Cradle Catholic

by Susan Moses

North Texas Catholic

February 26, 2019

Gregory Brown, (with cowboy hat) assistant camp director for Camp Fort Worth and parishioner of St. Peter Parish in Lindsay, photographed with a crib and camp members at St Elizabeth Ann Seton Parish in Keller, Dec. 29, 2018. Members, from left, Emily Carroll, Gracie Burette, Denisse Ramirez, Nick Rackley and Matthew Pelton. (NTC/Ben Torres)
 

First, a safety talk. A pro-life discussion follows. Next, a teaching on ora et labora — St. Benedict’s viewpoint of partnering prayer and work. Finally, Gregory Brown is prepared to put power tools in the hands of teenagers.

For almost 20 years, Brown has worked with youth at Camp Fort Worth to build baby beds. Under Brown’s careful guidance, more than 300 cribs have been infused with prayers for the mother and baby through the measuring, cutting, sanding, constructing, and painting phases. 

He explains to the campers that working with their hands provides the opportunity to pray without ceasing. “While the physical crib is very important and everybody should have one, the prayers that go along with that are very powerful,” he said.

The hand-crafted cribs are donated to Catholic Charities Fort Worth for expectant mothers in need. He has also contributed more than 50 he made independently.

But he isn’t just building baby furniture with the Camp Fort Worth teens. He’s building an understanding that some people have less. He’s building community. The youth see that “coming together to accomplish a goal, they can make a difference,” he said.

He’s also teaching that “being pro-life is walking with that mother — not just in the decision to give birth to her child, but helping her after her baby is born. To assist her with the needs she will have.”

The 34-year-old has personally delivered some of the cribs to mothers through the Gabriel Project, which provides practical help to women in crisis pregnancies. Receiving the baby bed “gives them an air of hope that ‘I can do this.’ Usually they don’t say very much, it’s just a lot of ‘thank you’s’ and a lot of tears,” he recalled.

Higher Aspirations

Brown credits Mary for his big dream, which came to him as he prayed the Rosary in front of a crucifix one day. 
In the future, he’d like to start a nonprofit vocational school to teach carpentry to veterans, refugees, and individuals experiencing homelessness.

The job training would allow the students to learn a skill that could provide for their families. Plus, the endeavor would generate a steady supply of cribs and furniture for impoverished families moving into housing.

Brown enthused, “It would be so beautiful to take [building baby beds at Camp Fort Worth] a step further and do more good with the gifts we’ve been given. Carpentry is a meaningful, task-oriented job.” He learned woodworking as a child by observing his grandfather use hand tools in the garage.

Brown is content to patiently wait and see if the opportunity to open a carpentry school arises, because “it’s not my idea. It’s straight-up Mary’s idea. It all comes back to prayer,” he said.

Prayer is what made faith come alive for Brown. As a high school sophomore, he “sat in the back and just didn’t pay attention” during confirmation classes at St. Bartholomew Parish in Fort Worth. He was challenged to pray five minutes a day but told his small group leader “I don’t have time for that.”

After many weeks, the stubborn teen opened himself up to God and began to pray and read Scripture. He remembered, “The Word of God is truly how God revealed Himself to me. . . . Within six months, to sit down and pray for 45 minutes was nothing.”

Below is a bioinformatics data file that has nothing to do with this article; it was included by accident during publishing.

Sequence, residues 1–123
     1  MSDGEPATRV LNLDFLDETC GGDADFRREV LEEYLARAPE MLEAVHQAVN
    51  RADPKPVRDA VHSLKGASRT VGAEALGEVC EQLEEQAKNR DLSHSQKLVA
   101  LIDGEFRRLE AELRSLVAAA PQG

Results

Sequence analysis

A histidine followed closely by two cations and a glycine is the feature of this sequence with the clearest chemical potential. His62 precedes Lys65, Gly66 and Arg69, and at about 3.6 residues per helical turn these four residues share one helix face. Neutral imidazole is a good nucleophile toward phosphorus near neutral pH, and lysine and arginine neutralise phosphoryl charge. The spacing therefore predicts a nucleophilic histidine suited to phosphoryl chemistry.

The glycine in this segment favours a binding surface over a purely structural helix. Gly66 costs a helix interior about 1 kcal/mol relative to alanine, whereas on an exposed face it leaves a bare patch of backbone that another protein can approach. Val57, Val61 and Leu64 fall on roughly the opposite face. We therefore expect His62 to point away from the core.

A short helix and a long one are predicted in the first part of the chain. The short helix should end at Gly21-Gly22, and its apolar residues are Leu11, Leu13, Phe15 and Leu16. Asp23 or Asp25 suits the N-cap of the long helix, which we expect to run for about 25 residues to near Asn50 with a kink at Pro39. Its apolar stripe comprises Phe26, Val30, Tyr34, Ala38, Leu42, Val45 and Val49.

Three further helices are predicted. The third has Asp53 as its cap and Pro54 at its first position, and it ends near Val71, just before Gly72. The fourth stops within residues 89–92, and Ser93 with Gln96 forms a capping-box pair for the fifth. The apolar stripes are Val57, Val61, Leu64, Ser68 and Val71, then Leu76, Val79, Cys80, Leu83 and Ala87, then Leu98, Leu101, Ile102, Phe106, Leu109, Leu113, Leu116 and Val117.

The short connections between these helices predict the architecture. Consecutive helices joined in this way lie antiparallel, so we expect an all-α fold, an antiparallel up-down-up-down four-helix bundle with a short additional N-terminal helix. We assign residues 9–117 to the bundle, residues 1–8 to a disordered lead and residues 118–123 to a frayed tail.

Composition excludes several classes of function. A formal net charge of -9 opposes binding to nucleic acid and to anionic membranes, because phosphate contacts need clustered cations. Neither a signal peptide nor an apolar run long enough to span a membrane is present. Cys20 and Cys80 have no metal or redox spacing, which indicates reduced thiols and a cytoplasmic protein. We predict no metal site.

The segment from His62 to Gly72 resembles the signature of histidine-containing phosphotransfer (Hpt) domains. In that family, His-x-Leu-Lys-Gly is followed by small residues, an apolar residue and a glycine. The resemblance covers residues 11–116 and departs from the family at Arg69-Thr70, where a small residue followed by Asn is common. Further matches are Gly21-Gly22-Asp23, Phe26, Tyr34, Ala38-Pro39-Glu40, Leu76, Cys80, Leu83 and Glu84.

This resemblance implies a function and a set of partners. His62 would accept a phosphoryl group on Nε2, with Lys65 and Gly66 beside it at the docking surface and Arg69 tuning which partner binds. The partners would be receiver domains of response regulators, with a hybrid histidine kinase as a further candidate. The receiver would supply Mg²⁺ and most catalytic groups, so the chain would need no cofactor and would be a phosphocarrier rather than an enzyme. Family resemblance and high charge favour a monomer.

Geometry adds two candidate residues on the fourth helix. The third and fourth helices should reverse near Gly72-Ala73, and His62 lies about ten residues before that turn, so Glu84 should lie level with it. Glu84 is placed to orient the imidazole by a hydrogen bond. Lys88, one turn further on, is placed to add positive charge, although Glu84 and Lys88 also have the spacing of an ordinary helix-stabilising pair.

Since then, he describes himself as “hooked. The Word of God is alive and revealing to us this great opportunity, this great faith. It pretty much has become the only thing I want to learn about, and I want to share and teach.”

Brown went on to spend a year with NET Ministries and serve as a youth minister for 12 years, mostly at St. Catherine of Siena Parish in Carrollton and Our Lady Queen of Peace Parish in Wichita Falls. In 2018, he became a Knights of Columbus field agent based in Cooke County.

“Innate Desire to Serve”
Brown has “noticed in my life I just go places. I get invited somewhere. I just show up, and God provides me the opportunity to serve. That’s been one of the biggest blessings in my life, to just show up wherever God sends me, wherever He leads me, and to be able to use my gifts and talents as needed.” 

For example, he dropped off a baby bed at a nonprofit gala and noticed the set-up committee struggling to build the backdrop. His offer to help was accepted, and he soon found himself in charge of the construction, resulting in an invitation to the gala and a couple of friendships.

“It’s beautiful, to be able to go along in your daily life and go wherever God sends you and be able to put your faith into action without trying,” said the parishioner of St. Peter Parish in Lindsay.

A fourth-degree Knight of Columbus, Brown joined the Catholic fraternal service organization in 2006 and embraces their ideals of charity, unity, and fraternity. 

He explained, “We are devoted to the Holy Mother Church, to the great deposit of faith we hold true, and to her true treasures — the poor and most vulnerable.”

It’s those poor and most vulnerable who are sleeping in beds that Brown built with Camp Fort Worth students.
According to Brown, giving up two, sometimes three, weeks each summer to build cribs has been a gain, not a sacrifice. 

“What draws us closer to holiness is ordinary — doing good for others, and seeking after something greater than ourselves.”

First, a safety talk. A pro-life discussion follows. Next, a teaching on ora et labora — St. Benedict’s viewpoint of partnering prayer and work. Finally, Gregory Brown is prepared to put power tools in the hands of teenagers.

Published (until 2/27/2035)
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